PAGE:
Try Repentance (Jonah 2:3-7)

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When life is hard, do you become bitter or better? How you answer that question will determine whether God can use you for his purposes.
In my experience, life is hard for three basic reasons: (1) Rotten luck. Sometimes, bad things happen for what seems like no particular reason. (2) Evil people. Someone else has done something wrong, and we are experiencing the negative consequences of their actions. And (3) personal sins. We have done something wrong, and we are experiencing the negative consequences of our own actions.
If Job is an example of reason (1) and Christ an example of reason (2), then surely Jonah is an example of reason (3). Though we sympathize with Jonah’s parlous situation, we also realize that it’s his own fault. If he didn’t want to spend time being digested in a fish’s belly, he shouldn’t have boarded the fast boat to Tarshish. He should have caught the caravan to Nineveh.
Jonah himself seems to have realized that his submarine ride was an act of divine discipline. Just look at his prayer in Jonah 2:3-7. Speaking to God, Jonah confesses:
You hurled me into the deep,
into the very heart of the seas,
and the currents swirled about me;
all your waves and breakers
swept over me.
I said, “I have been banished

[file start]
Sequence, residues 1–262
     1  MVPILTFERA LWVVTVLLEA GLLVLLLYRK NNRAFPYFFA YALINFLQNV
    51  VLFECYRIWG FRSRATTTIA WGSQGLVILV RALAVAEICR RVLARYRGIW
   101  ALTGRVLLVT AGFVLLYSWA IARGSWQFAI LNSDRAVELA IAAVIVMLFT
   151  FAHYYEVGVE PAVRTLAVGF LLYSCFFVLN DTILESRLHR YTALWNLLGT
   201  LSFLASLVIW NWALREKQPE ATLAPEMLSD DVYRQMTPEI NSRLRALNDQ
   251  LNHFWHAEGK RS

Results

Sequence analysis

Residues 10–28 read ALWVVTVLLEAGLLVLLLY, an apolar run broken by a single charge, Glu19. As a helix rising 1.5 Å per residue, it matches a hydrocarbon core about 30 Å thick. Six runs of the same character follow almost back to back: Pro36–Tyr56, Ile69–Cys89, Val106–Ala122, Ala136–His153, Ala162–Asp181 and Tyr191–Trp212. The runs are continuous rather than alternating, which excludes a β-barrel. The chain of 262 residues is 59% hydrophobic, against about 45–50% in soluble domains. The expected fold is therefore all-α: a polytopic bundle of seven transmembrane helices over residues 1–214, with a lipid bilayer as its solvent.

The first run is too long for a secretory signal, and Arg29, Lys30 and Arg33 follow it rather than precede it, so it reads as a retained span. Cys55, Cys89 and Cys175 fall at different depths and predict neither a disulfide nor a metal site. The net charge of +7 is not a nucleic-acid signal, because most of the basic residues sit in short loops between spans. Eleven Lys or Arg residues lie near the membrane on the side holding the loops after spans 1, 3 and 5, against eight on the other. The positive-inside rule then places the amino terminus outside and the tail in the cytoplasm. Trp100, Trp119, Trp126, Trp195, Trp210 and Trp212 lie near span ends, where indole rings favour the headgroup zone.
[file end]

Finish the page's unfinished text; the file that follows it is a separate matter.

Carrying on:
from your sight;
yet I will look again
toward your holy temple.”
The engulfing waters threatened me,
the deep surrounded me;
seaweed was wrapped around my head.
To the roots of the mountains I sank down;
the earth beneath barred me in forever.
But you brought my life up from the pit,
O LORD my God.
When my life was ebbing away,
I remembered you, LORD,
and my prayer rose to you,
to your holy temple.
Jonah is pretty chipper for a guy stuck in a fish’s belly at the bottom of the sea. It’s not because he’s a masochist—the suffering-for-Jesus type who equates hardship and obedience. (Sometimes, obedience to God’s will is hard, but not always. Remember: Jesus also said that his yoke is easy and his burden light.) Nor is Jonah happy because he’s a Panglossian optimist who despite his circumstances nonetheless thinks that this is the best of all possible worlds. Rather, Jonah is a theological realist. He realizes that “the LORD disciplines those he loves” (Proverbs 3:12). Discipline is a temporary judgment, and its purpose is reform, not retribution. God wants Jonah to see the error of his ways and get back on the right path.
Are you going through a rough patch in life at the moment? If so, try to figure out why. If it’s because of rotten luck, learn patience. If it’s because of evil people, fight for justice. And if it’s because of personal sin, try repentance. God gives second chances to those he loves.
Sometimes, you see, what seems like the end of your world is really the beginning of a new adventure with God.

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